The demo actually gets off to a strong start with “Shock & Awe”, a symphonic instrumental allowing Ralston to showcase his neo-classical abilities on lead guitar. Quite the talented musician, this track proves in no uncertain terms guitar is the area he should be focusing his efforts in the future. The three remaining tracks here I might describe as above-average to good at best. “Life?” is not bad musically but suffers from a way too overriding keyboard sound. The ethereal flavored “Christ In Us” begins to a nice two minute instrumental opening and features some of the albums most progressive moments. “Secret Of Tears”, a track focusing on child abuse, finds the band backing off on the keyboards to create the demo’s heaviest piece.
Peoria, Illinois based Strangeland came together in 2000 prior to recording the eighties influenced metal and hard rock of its three song self-titled demo from 2005. With a sound that is a throwback to an era when soaring vocals, searing leads, big hooks and even bigger hair dominated FM radio and MTV, Strangeland reflects the influence of Stryper, Whitecross, Bloodgood, Holy Soldier, Joshua and a host of others within the same genre.
This is best demonstrated on opening cut “The Enemy Has Fallen”, a first rate piece standing out with its huge chorus line – you will be challenged to keep this one out of your head – and burst of skillful lead guitar work. At this point it must be mentioned the very capable guitar team of Kevin Grose and Kevin Schmitt. One track finding the two at their best is “Savior Jesus Christ” (check out the blazing Oz Fox-like guitar solo), an energetic number combining a melodic based chorus with some guitar riffs that bring to mind Eternal Ryte. On “Jesus Walk” the band moves in blues based hard rock territory. By far the heaviest song here, this one is a driving number in which Karl Mustand adds some grit and gravel to his normally smooth sounding vocal delivery.
As one can tell from the song titles, lyrics are openly Christian. Production values are solid as well. Finally, it is worth noting that Strangeland, a band whose main mission is to use music as a tool to tell the world about Christ, has changed its sound over the past couple of years to move in a power metal direction (think Iron Maiden, Dream Evil, Kamelot, etc).
What we have in True Wisdom is an ambient instrumental side project of My Darkest Time found Zarko Atanasov. The music here, mostly of the keyboard driven variety, puts in place a near Goth-like setting that comes across dark, haunting and doom tinged in its capacity. Featuring just four songs but 35 minutes of music, True Wisdom represents a nice change of pace if you need a break from metal but still need something that maintains the same panache of the genre.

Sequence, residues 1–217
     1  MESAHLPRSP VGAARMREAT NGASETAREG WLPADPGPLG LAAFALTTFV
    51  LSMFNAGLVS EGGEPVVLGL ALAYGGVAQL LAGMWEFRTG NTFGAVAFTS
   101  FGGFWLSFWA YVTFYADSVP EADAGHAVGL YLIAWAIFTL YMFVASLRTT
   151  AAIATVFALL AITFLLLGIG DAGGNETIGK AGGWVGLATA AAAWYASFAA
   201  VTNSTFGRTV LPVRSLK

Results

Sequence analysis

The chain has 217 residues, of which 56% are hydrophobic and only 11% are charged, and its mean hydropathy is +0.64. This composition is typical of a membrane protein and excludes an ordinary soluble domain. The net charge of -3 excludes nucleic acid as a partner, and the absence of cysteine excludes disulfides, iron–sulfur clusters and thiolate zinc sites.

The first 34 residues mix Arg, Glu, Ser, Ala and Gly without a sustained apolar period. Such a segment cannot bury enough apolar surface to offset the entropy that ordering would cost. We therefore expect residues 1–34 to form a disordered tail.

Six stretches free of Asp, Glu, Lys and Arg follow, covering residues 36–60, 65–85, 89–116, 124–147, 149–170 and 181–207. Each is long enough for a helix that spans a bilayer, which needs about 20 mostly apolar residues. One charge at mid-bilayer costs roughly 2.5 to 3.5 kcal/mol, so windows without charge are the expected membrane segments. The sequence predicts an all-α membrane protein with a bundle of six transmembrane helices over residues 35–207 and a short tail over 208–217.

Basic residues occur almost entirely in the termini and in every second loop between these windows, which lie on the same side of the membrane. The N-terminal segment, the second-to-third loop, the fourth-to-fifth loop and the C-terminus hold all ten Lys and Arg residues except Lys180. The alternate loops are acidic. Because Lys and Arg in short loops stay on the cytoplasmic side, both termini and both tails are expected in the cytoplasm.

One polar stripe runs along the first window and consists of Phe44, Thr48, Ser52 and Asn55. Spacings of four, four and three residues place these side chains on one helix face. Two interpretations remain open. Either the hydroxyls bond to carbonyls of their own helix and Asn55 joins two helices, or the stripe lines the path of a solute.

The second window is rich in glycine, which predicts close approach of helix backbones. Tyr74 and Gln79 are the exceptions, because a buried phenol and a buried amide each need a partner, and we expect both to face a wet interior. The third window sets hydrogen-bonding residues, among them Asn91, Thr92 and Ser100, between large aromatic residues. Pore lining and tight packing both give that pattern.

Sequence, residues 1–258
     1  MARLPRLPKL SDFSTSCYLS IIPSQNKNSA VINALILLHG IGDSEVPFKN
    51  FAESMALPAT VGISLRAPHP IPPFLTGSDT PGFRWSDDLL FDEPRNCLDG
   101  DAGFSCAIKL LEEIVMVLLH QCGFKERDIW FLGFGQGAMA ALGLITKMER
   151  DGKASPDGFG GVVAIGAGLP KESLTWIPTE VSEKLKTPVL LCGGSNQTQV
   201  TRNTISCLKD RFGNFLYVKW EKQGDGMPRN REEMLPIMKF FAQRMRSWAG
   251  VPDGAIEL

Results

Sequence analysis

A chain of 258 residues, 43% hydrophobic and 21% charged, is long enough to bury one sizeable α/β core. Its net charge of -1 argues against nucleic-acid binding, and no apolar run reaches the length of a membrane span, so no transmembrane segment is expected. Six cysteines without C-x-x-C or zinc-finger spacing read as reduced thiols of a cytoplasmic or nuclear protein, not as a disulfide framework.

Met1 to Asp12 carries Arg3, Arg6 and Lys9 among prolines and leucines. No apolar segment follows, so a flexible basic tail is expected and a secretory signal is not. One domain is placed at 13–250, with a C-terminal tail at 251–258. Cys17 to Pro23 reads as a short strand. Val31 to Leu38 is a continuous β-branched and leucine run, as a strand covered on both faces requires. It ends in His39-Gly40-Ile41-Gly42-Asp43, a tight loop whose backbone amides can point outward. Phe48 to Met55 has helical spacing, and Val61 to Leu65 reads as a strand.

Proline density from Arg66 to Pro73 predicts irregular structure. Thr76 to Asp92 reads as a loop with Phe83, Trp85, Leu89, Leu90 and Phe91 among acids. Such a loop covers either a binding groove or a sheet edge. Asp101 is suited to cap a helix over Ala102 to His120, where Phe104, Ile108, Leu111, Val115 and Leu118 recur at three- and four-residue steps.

This is something best upheld in the albums ten minute title track, an orchestral piece that slowly moves forward until the rhythm guitar crashes into the mix. “Ecclesiastes” is a moody plodder highlighted by a touch of piano, while the powerful “Vexation Of Spirit” combines a militant drum sound with a hard hitting rhythm guitar. “In Memoriam”, the shortest track here at just over four minutes, almost gives rise to a classical feel with its lush use of keyboards and piano.
Compilation albums have always been hit and miss for me. It has been my experience that most either leave off key tracks (or include those that should not be there in the first place) or offer little if any motivation to purchase them (as a result of featuring no exclusive or bonus material).
A Salute To World Class Rock!, the latest compilation from Retroactive Records, fortunately, falls within the “hit” category.
The album, encompassing 17 songs from recent Retroactive releases, features a well chosen combination of the old (Whitecross – “Lookin’ For A Reason” & Guardian – “Kingdom Of Rock”), new (Liberty ‘N Justice – “Treading On Serpents” & Jacobs Dream – “All My Fears”) and bands on the comeback trail (Bride – “Last Thing I Feel” & Saint – “Hell Blade”). In between you will find top of the line tracks from Main Line Riders (“Broken Hearted”), “Boarders” (“Jump For Joy”), Hero (“Immortal”), Menchen (“Noon Sun”) and Faith Factor (“Armor Of God”).